- Handheld units are bigger than most FRS or FRS/GMRS radios.
- Limited power.
GMRS and FRS Radios
General Mobile Radio Service and Family Radio Service radios are most recognizable in the bubble pack at stores like Gander Outdoors, Cabelas, and Walmart.
In the past the radios were used as simple walkie-talkies without much concern for the FCC or the rules that applied to the GMRS frequencies. In 2017 the rules governing the use the radios were reworked to make things a bit simpler.
Today FRS radios can operate at up to two watts and be used without a license. In the past the output was limited to just one half a watt. FRS now will enjoy 22 total channels. New FRS radios must be designed so the output on on channels one through seven and 15 to 22 do not exceed two watts. Channels eight to 14 must not exceed one half watt of output.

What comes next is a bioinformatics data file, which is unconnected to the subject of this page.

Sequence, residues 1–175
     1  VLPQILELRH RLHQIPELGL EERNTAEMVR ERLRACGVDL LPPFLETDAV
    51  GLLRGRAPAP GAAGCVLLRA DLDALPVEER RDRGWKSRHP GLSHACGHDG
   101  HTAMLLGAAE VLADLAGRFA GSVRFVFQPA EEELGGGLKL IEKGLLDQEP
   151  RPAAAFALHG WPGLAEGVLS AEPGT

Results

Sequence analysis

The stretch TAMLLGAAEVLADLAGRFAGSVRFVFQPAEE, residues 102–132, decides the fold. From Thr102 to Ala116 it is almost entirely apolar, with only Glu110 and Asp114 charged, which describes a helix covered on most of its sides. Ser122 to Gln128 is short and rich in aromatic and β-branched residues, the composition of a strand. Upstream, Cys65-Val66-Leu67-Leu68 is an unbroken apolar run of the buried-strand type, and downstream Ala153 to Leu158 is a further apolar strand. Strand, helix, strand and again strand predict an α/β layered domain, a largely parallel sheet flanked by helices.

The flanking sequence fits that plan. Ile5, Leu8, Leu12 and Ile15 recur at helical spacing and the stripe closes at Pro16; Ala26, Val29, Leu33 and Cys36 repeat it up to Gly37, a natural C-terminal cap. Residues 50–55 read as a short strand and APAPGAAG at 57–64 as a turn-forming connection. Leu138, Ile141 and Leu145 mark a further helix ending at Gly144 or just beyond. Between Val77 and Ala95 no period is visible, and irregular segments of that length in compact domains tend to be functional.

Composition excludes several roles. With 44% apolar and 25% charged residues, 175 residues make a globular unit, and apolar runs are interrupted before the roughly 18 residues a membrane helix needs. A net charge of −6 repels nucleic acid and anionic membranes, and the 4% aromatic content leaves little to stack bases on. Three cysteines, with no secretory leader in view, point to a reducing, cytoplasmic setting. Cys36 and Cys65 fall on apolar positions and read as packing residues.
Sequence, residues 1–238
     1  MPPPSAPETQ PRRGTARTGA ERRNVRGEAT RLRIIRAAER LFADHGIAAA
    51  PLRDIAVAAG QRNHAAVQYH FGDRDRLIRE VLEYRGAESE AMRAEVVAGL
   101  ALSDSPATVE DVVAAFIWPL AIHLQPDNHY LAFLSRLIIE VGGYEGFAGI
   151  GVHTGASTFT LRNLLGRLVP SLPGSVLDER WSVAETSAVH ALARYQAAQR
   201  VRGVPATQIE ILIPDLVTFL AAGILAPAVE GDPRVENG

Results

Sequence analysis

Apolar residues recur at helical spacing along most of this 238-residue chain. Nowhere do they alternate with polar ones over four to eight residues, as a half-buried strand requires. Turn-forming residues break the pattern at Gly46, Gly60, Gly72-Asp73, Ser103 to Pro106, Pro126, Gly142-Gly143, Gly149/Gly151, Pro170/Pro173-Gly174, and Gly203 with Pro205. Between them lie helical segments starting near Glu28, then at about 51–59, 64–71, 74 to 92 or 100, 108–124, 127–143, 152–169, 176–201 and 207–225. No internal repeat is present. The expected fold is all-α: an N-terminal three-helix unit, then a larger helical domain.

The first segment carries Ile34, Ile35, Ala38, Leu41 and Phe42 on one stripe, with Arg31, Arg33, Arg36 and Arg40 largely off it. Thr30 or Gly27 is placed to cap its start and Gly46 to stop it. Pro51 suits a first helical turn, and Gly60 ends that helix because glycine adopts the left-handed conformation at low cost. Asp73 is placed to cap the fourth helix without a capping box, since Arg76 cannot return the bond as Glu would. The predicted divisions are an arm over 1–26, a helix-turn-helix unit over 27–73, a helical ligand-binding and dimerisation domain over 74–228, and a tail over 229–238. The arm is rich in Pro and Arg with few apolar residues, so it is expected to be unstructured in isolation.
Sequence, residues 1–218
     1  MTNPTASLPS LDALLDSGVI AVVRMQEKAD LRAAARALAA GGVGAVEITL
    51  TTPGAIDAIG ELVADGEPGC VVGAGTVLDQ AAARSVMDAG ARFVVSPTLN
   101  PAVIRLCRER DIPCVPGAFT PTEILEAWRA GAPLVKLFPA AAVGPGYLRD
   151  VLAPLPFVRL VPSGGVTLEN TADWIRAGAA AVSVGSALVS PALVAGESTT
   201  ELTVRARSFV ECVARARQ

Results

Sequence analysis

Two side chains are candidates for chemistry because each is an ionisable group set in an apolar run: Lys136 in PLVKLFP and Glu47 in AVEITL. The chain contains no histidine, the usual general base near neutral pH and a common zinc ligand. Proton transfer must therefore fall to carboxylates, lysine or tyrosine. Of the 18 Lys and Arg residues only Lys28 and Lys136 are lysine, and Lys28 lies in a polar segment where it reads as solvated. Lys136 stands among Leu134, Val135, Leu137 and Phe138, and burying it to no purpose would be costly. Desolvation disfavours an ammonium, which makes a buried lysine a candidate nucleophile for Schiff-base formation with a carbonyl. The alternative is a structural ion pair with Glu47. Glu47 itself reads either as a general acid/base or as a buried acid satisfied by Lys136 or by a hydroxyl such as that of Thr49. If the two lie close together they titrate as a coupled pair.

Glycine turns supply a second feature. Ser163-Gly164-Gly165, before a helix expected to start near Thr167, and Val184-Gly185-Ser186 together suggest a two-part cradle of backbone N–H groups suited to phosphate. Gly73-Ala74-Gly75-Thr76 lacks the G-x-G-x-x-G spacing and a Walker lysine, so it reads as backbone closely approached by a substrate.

Any radio that exceeds two watts of output will be classified as a GMRS radio and will require a license to operate. The GMRS radios will have 30 total channels. Channels one to 22, plus eight channels for use on repeaters. The GMRS radios will still be limited to just one half watt on channels eight to 14.
GMRS radios will likely give you some extended range since they can be operated at five watts for a handheld unit. GMRS radios can also utilize aftermarket antennas which can help give the user extended range in the field.
The new license structure will cover you and your family. The license is now good for 10 years and costs $70. There is no test, just fill out the application form. The steps to obtain a license are outlined on Midland’s website.